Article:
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An expression of gym nihilism

When it comes to gym etiquette, the absolute minimum is wiping your sweat off your bench and re-racking your weights. Most gyms have signs posted to this effect.

When I walked into my gym’s aerobics room this morning, the pigsty stopped me in my tracks:

This mess is well beyond some slob not following the rules. I’ve circled on the right side in green an empty Styrofoam cup and dirty paper towels that someone left behind. The red plyo box doesn’t belong in the aerobics room either. The floor is supposed to be clear—it’s a dance studio. What about the folks in the gym looking for these barbells and dumbbells? This level of sloppiness, almost certainly from multiple people, amounts to borderline vandalism.

What’s really going on here? I have some theories.

First, lockdowns broke people’s spirit. Everyone now lives with the knowledge that the government can at any moment take away what they value and what they are working towards. The consequence is widespread apathy. You see the impact of lockdowns in the record low levels of workforce participation, the shoddy quality of work that is still getting done, and the society-wide drop in civility.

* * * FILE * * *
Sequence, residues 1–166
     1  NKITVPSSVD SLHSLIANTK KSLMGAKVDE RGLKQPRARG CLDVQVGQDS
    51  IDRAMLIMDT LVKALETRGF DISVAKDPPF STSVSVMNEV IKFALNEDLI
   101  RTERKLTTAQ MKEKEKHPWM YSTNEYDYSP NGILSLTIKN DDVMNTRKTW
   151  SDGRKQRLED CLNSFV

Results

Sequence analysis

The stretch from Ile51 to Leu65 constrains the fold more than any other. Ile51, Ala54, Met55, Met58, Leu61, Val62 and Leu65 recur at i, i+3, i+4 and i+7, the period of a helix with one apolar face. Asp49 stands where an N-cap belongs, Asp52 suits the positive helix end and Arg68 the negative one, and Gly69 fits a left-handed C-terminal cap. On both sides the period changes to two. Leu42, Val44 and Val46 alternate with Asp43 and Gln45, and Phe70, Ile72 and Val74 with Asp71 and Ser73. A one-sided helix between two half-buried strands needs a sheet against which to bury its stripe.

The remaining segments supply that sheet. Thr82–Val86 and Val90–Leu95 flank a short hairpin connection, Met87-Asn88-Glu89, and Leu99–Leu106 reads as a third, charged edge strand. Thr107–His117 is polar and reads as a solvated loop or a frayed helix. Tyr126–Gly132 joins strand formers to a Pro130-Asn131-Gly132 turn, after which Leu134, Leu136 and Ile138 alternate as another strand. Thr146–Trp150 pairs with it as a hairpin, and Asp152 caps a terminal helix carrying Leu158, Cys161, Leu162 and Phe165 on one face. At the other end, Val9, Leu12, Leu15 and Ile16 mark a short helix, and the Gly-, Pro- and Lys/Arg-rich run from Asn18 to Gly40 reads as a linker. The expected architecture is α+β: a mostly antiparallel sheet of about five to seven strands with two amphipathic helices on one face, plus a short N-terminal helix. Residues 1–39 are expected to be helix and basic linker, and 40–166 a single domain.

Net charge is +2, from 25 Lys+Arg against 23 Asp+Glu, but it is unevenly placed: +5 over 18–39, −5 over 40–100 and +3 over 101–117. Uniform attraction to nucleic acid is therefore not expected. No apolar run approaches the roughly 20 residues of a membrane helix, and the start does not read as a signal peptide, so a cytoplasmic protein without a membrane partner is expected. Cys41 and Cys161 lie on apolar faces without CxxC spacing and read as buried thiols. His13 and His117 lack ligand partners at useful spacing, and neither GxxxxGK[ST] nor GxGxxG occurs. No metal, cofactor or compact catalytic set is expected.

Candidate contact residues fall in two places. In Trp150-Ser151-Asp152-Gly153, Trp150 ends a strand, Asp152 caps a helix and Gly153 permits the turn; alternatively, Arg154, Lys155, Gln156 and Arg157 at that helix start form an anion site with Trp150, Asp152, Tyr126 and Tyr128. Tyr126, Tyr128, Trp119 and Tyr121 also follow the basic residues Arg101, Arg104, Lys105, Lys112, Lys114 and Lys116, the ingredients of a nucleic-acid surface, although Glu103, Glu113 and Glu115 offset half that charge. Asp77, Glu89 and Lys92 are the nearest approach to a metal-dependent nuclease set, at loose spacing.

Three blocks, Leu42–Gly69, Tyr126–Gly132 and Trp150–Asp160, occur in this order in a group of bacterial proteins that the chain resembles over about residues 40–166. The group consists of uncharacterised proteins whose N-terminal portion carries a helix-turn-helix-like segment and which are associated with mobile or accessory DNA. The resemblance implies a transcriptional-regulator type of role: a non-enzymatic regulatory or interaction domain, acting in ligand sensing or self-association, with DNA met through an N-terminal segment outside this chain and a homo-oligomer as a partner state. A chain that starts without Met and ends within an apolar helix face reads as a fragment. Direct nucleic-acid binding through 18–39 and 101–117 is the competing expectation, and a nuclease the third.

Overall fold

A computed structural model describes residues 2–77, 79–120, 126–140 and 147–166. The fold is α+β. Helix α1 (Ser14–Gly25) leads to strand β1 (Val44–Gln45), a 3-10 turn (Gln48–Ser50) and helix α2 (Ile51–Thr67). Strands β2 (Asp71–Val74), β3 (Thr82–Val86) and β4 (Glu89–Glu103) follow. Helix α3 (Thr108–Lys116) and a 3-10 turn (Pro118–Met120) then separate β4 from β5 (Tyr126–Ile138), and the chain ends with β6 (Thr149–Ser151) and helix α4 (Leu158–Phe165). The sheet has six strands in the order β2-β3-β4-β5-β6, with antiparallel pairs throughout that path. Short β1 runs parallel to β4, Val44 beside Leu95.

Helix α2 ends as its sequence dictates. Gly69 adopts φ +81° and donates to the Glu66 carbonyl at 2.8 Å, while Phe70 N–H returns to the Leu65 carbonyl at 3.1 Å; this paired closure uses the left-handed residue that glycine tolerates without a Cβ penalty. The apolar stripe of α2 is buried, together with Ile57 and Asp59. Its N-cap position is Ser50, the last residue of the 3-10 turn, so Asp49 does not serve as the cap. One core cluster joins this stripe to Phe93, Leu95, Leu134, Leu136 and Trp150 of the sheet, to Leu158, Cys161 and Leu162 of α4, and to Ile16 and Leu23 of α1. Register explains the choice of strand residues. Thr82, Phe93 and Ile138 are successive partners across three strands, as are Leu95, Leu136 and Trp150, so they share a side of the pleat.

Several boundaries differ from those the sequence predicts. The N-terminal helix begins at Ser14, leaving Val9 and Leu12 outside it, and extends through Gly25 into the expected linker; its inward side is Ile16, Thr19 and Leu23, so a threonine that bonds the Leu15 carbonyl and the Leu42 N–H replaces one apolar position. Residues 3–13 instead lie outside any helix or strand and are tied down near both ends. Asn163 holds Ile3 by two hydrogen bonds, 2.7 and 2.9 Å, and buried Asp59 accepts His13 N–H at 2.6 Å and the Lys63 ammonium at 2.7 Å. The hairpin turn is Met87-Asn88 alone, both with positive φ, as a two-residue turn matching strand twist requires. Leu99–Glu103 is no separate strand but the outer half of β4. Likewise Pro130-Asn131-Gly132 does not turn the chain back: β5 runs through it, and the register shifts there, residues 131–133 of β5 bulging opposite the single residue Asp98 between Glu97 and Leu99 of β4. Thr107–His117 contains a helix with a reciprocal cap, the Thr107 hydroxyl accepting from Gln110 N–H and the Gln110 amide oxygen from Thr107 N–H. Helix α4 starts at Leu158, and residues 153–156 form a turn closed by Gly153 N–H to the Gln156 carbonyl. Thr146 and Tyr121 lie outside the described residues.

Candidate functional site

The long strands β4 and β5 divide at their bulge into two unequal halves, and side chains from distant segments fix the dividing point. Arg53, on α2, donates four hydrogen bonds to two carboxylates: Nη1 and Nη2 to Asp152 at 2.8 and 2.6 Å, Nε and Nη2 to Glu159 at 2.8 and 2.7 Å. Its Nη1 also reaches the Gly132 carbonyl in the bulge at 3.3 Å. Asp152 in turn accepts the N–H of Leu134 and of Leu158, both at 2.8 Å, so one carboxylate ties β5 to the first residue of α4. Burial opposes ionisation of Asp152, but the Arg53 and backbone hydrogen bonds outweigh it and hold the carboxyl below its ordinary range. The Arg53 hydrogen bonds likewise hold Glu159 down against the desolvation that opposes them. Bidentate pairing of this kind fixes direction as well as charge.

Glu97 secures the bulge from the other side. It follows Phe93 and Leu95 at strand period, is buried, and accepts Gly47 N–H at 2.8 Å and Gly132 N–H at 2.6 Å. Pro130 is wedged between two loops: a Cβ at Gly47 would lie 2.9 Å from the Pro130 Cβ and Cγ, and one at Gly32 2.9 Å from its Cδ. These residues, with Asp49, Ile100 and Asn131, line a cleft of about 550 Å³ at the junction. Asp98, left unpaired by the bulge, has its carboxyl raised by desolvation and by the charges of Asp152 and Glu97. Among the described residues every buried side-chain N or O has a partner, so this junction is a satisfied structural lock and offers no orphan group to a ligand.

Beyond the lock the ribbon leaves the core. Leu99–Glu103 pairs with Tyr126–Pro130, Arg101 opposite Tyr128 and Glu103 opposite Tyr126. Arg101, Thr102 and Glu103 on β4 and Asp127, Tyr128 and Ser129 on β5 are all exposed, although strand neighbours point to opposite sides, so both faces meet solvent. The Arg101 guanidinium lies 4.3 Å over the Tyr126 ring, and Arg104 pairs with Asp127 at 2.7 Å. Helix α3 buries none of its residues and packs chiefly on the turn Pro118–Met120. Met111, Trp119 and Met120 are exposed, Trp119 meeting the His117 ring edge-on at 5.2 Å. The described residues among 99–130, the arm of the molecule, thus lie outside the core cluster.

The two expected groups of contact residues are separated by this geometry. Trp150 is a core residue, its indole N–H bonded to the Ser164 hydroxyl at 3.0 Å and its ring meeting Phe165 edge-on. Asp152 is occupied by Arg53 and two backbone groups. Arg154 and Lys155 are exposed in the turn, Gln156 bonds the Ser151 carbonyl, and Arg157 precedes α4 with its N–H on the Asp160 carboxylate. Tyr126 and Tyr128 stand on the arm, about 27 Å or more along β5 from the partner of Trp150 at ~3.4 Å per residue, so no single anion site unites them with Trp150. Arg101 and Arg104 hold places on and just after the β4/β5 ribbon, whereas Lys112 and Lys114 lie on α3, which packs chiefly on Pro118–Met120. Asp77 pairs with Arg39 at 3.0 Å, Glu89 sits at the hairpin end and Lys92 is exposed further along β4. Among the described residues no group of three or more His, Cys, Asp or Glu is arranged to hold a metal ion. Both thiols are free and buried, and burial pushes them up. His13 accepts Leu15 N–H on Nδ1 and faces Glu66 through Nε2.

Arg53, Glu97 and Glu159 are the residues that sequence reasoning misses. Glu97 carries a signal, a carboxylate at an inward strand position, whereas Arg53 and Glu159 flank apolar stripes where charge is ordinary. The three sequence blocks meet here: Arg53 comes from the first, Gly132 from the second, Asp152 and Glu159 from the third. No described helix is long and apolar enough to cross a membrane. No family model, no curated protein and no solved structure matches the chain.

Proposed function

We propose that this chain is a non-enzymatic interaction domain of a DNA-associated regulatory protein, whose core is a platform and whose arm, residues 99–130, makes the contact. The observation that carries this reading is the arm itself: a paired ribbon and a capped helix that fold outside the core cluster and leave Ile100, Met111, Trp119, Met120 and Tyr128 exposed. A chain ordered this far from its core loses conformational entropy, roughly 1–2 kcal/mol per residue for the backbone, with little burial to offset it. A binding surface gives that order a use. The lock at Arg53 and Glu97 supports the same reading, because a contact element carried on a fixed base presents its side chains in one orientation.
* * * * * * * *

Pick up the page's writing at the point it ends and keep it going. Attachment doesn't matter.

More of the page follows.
Certainly gym closures were traumatic for members. The photo above is one expression of gym nihilism.

Second, my need to cut a path through other people’s junk makes my point about the gym environment itself creating anxiety and stress. Like I wrote, “Gym etiquette is so bad that performing the actual lift is the least of my problems.”

Third, regardless of the cause, my gym needs to start enforcing rules. My Broken Windows Theory of Health Clubs predicts that when a gym ignores small problems, they’re setting themselves up for bigger issues: theft of gym equipment, security issues for gym lockers, and a club environment that scares away members.

Clearly, the posted signs aren’t working anymore.

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